Box tops net millions for education, one dime at a time

The humble box tops clipped from Cheerios, cake mixes and more raised more than $74 million this school year.

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Doris Porter, a teacher from Monticello, Iowa, willed a victory at the spinning wheel at the National Box Tops gathering on Friday.

Photo: Renee Jones Schneider, Star Tribune

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About 700 million -- yes, million -- box tops poured into a General Mills processing center this school year, marking record-high participation in Box Tops for Education, a school fundraiser that has exploded to become the biggest in the nation.

The program, launched in 1996, has paid out nearly half a billion dollars to more than 90,000 schools. Born in Minnesota's back yard, it's in the midst of a major growth spurt: School payouts zoomed from $33 million to $74 million in just the past five years.

Cheerios box tops have been joined by 240 products, from Kleenex anti-viral tissues to gluten-free cake mixes. And parents can acquire virtual box tops by doing everything from watching an online Ford commercial to participating in a consumer survey.

While some critics charge that it's one more example of corporate marketing seeping into the nation's schools, volunteers who run the programs say cutting box tops for 10 cents a crack is a relatively simple way to raise money for cash-strapped classrooms.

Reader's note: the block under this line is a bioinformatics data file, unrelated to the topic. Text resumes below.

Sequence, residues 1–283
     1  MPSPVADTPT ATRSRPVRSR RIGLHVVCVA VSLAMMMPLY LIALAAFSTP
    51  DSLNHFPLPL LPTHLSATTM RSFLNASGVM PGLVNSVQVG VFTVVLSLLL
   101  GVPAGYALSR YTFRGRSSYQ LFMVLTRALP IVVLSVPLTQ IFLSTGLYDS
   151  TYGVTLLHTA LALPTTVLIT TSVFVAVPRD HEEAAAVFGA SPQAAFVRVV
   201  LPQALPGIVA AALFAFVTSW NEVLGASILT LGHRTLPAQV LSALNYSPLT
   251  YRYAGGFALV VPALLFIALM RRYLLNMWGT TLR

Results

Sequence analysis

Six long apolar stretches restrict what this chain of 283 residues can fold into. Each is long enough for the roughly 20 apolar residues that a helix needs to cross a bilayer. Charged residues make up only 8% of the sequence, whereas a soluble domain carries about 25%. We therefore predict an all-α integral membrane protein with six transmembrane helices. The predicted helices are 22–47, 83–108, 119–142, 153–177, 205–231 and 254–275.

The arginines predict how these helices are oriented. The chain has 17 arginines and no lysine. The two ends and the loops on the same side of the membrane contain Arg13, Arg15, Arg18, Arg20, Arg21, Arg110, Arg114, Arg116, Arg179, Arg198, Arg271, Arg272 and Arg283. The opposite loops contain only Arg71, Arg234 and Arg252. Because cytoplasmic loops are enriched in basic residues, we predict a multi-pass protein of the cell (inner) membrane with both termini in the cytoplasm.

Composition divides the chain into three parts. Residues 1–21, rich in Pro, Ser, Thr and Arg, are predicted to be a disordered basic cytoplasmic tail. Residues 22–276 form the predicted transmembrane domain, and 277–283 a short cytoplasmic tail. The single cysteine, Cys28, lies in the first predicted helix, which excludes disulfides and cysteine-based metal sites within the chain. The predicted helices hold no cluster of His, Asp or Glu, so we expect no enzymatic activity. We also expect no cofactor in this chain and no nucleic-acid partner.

Last week, about 600 volunteers from across the nation came to the Minneapolis Convention Center for an annual pep rally and educational seminar called National Box Tops University.

"School budget cuts have made it even more important than when it started," said Joan Fering, box tops coordinator at the Shakopee Area Catholic School, taking a break from a day of workshops and networking with fellow box top enthusiasts.

Her school was Minnesota's top fundraiser this school year, raking in $10,835. Said Fering: "This money goes for field trips, buses, teaching supplies, speakers for special programs. We have earned some serious cash."

Most parents are familiar with the drill. A volunteer at their children's school notifies parents that they should cut box tops off various products and send them to school with their kids. A collection box is set up at school or in classrooms. Parent volunteers sort and mail them out.

Many schools go far beyond that, however, offering frequent competitions and prizes for classrooms hauling in the most box tops. These go-getters raise far more than the average of $900 per school.

Grocery stores optional now

The fundraiser's soaring popularity reflects the tough economic times facing schools, as well as new ways of courting parents.

Check out the Box Tops for Education website and find that visiting the grocery store is now optional. Parents can shop at the "Online Marketplace" and earn virtual box tops at about 175 stores, from Best Buy to Baby Gap. At the "Click and Earn" section, parents earn box tops by participating in such activities as watching a promotional video.